Mexican leftist Lopez Obrador sworn in as head of parallel government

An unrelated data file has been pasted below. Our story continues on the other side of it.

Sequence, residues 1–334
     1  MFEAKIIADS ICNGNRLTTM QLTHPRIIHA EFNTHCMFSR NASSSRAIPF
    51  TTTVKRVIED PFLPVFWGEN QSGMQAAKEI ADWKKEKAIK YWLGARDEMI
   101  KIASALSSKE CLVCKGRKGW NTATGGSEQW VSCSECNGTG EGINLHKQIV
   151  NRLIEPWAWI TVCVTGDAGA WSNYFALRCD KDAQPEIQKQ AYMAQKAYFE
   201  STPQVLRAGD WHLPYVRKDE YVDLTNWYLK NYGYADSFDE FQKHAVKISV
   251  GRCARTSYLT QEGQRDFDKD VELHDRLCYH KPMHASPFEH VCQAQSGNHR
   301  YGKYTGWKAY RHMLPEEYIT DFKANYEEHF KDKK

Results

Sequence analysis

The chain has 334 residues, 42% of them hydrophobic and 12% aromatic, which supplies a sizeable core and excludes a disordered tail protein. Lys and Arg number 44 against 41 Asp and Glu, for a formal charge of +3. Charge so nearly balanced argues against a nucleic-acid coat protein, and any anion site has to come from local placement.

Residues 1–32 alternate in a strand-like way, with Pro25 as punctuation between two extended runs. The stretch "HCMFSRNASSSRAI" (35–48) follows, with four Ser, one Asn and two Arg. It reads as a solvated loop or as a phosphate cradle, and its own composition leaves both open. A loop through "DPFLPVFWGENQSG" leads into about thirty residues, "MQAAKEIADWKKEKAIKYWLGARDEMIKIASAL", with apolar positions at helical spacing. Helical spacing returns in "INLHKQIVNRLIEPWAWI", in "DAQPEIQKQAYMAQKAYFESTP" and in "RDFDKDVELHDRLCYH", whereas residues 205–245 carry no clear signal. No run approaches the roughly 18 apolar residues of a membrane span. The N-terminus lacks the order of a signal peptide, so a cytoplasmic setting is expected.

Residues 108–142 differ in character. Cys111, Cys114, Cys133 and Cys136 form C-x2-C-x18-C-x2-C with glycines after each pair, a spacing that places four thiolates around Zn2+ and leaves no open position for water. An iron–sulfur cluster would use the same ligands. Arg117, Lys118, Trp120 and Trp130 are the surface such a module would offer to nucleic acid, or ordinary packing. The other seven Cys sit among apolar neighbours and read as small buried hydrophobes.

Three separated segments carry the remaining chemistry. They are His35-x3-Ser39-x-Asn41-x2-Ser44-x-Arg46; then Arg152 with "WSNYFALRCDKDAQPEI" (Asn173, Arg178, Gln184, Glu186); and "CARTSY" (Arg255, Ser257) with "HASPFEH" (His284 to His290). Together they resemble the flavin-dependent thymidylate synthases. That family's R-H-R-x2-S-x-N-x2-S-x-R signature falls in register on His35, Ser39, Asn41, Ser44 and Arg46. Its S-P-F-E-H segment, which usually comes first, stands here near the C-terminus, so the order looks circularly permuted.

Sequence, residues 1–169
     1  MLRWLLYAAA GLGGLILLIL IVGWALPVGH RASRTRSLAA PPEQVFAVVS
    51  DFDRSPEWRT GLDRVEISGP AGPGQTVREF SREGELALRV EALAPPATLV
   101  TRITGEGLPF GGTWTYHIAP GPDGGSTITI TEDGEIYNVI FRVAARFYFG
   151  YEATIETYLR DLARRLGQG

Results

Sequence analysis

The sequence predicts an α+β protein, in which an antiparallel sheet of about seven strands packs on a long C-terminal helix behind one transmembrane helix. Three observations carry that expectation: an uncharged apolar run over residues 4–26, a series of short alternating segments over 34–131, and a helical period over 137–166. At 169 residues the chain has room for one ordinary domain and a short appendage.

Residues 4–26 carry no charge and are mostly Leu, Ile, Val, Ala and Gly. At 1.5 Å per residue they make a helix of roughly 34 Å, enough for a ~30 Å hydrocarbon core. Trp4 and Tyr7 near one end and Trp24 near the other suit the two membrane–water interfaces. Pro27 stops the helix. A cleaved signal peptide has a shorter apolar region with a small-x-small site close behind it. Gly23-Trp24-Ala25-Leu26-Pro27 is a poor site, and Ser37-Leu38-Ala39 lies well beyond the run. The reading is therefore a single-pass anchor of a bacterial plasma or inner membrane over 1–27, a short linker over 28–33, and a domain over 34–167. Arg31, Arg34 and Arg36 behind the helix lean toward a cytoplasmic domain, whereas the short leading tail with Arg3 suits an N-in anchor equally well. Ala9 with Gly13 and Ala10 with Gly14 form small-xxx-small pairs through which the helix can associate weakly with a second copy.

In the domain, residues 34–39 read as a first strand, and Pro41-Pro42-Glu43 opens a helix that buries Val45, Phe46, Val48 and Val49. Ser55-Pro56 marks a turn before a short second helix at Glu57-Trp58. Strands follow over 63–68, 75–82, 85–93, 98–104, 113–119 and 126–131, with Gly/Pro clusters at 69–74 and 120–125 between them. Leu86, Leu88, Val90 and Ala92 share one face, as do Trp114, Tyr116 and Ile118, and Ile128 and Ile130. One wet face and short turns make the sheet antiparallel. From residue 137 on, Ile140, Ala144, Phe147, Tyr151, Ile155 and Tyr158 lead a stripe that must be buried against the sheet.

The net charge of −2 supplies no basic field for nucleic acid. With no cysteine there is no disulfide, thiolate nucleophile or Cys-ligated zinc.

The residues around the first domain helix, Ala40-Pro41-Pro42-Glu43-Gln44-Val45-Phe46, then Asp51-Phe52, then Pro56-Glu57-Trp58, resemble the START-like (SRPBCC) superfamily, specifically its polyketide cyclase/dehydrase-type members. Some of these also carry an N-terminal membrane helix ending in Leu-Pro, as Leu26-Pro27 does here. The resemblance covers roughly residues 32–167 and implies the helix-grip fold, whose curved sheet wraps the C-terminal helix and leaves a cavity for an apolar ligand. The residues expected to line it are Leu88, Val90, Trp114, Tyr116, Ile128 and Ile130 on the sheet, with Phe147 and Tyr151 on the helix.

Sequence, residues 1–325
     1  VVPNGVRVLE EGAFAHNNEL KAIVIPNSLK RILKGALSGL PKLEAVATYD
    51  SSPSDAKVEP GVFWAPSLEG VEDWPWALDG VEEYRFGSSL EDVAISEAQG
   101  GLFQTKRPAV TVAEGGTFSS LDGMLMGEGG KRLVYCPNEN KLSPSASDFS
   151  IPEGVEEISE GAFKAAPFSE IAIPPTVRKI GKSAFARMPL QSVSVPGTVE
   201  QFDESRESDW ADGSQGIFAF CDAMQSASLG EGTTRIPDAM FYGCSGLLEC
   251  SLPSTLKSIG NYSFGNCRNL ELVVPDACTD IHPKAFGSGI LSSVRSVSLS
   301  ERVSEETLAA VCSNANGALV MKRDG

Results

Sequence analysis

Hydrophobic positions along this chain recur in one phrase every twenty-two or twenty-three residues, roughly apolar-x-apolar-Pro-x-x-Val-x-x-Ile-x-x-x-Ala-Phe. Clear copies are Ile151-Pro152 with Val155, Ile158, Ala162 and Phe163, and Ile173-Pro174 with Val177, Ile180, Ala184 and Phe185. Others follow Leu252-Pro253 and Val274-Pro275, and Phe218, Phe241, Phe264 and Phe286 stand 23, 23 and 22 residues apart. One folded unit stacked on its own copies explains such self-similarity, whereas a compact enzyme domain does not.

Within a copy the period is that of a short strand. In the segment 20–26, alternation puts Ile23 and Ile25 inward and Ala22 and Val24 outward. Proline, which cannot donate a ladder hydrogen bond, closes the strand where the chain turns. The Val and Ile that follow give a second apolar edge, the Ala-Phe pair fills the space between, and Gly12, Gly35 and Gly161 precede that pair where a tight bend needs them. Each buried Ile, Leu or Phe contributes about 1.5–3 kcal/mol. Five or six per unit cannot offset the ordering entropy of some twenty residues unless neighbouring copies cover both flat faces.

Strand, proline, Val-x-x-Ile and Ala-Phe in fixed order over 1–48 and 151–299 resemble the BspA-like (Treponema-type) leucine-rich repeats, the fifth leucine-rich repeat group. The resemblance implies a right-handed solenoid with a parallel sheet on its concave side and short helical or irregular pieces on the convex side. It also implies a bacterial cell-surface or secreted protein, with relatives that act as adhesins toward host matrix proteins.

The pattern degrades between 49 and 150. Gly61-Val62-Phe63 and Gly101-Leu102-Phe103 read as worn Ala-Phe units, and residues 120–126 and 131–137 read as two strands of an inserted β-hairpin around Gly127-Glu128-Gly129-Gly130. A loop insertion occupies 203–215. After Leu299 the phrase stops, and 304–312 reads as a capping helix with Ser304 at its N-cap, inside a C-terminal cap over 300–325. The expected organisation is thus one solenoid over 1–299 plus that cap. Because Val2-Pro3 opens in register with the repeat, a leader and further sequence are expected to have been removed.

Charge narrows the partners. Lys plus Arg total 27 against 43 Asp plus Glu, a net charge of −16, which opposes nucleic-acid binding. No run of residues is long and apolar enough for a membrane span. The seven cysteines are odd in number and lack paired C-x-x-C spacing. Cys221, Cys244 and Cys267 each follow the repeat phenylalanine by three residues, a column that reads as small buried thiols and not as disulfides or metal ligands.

MEXICO CITY – Leftist Andres Manuel Lopez Obrador was sworn in as Mexico’s “legitimate” president Monday, launching a parallel government that he hopes will revive a movement aimed at keeping President-elect Felipe Calderon from governing.The ceremony is the latest chapter in Lopez Obrador’s unsuccessful battle for the presidency. He claims fraud and dirty campaign tactics were responsible for Calderon’s narrow victory in the July 2 vote, and his parallel government could spend the next six years calling for street protests that have already dented the economy and prompted travel warnings from the U.S. Embassy.Rosario Ibarra, a human rights activist and senator from Lopez Obrador’s left-leaning Democratic Revolution Party, placed the red-green-and-white presidential sash across his shoulders. While the action lacks legal recognition, Lopez Obrador hopes to assume the moral leadership of millions of poor Mexicans.Based in Mexico City, Lopez Obrador’s parallel government has its own Cabinet. But it will not collect taxes or make laws, and it relies on donations to carry out its plans.”I swear to honor and fulfill the constitution as legitimate president,” Lopez Obrador said to tens of thousands of supporters in Mexico City’s main plaza, the Zocalo.One of its first orders of business will be trying to prevent Calderon’s Dec. 1 inauguration ceremony.”We’re not going to give the right free rein,” Lopez Obrador said in a final stop in the southeastern state of Veracruz last weekend. “We’re going to confront it.”On Monday, he said the first thing he would do as “legitimate president” is hold a plebescite asking voters to approve the drafting of a new constitution that would demand fairness and plurality in the news media, and combat business monopolies.He also said he would cancel ex-presidents’ generous pensions, “and we will propose to Congress an audit of the Treasury Department … because the privileged of Mexico … don’t pay taxes and when they do pay them, they get them back later.”Supporters who showed up to honor Lopez Obrador carried signs lashing out against not only Calderon but the Roman Catholic Church, mainstream news media and rival leftists such as Zapatista rebel leader Subcomandante Marcos, who repeatedly criticized Lopez Obrador during the campaign.”We are going to make Calderon realize at all times that he is an illegitimate leader,” said 55-year-old Beatriz Zuniga, an unemployed professor of Latin American studies. “He’s got a limited amount of time. This man will not finish his term.”Zuniga spoke as vendors braving a blustery, bone-chilling afternoon hawked flags declaring “Andres Manuel Lopez Obrador, Mexico’s Legitimate President.”Marco Ramirez, 34, a university researcher watching from a sidewalk cafe, said he believed many of the demonstrators were receiving money from the Mexico City government, which is run by Lopez Obrador’s Democratic Revolution Party.”This affects the country’s image,” he said. “It puts out a very bad image.”It remains to be seen whether Lopez Obrador can keep up the challenges throughout Calderon’s term. Some members of his leftist party, known as the PRD, have already expressed disagreement with Lopez Obrador’s strategy of using Congress – where the PRD is now the second-largest force – as an arena for protests rather than negotiations.Columnist Armando Fuentes wrote in Mexico’s Reforma newspaper that Lopez Obrador’s “swearing in” ceremony was “a circus act, a farce.”But Oscar Aguilar, political science professor at the Mexico City Iberoamerican University, said that the leftist could have the backing to undermine Calderon.”The problem is that he’s not a Don Quijote, because the social and political conditions are fertile ground for this kind of leadership,” Aguilar said. “Many of the poor … see this type of leadership as a solution.”Protesters have held the center of the southern city of Oaxaca for months to demand the ouster of Gov. Ulises Ruiz and many people worry that Lopez Obrador will follow suit and renew street protests. His supporters seized Mexico City’s center for nearly two months this summer.Some citizens appear to be tiring of political unrest.This month, Mexico City was rattled when several bombs exploded at political offices and banks. No one was injured, and a small, radical group not tied to Lopez Obrador claimed responsibility.The violence has affected one of the country’s main sources of income. Revenue from tourism was down 4.3 percent in the first nine months of 2006, compared to 2005.President Vicente Fox canceled a traditional Nov. 20 parade commemorating the country’s 1910-1917 Revolution, apparently to avoid friction with Lopez Obrador’s event.Appealing for calm, Fox on Monday urged Mexicans to follow the path of democracy.”Nobody has the right to think or decide for the people,” Fox said.But Lopez Obrador’s platform resonates with many Mexicans, so much so that the business-friendly Calderon from Fox’s conservative National Action Party has borrowed ideas such as pensions for the elderly and reduced utility rates for the poor.Some of Lopez Obrador’s closest aides have suggested they will follow the example of Bolivia, where protests drove a succession of leaders from office.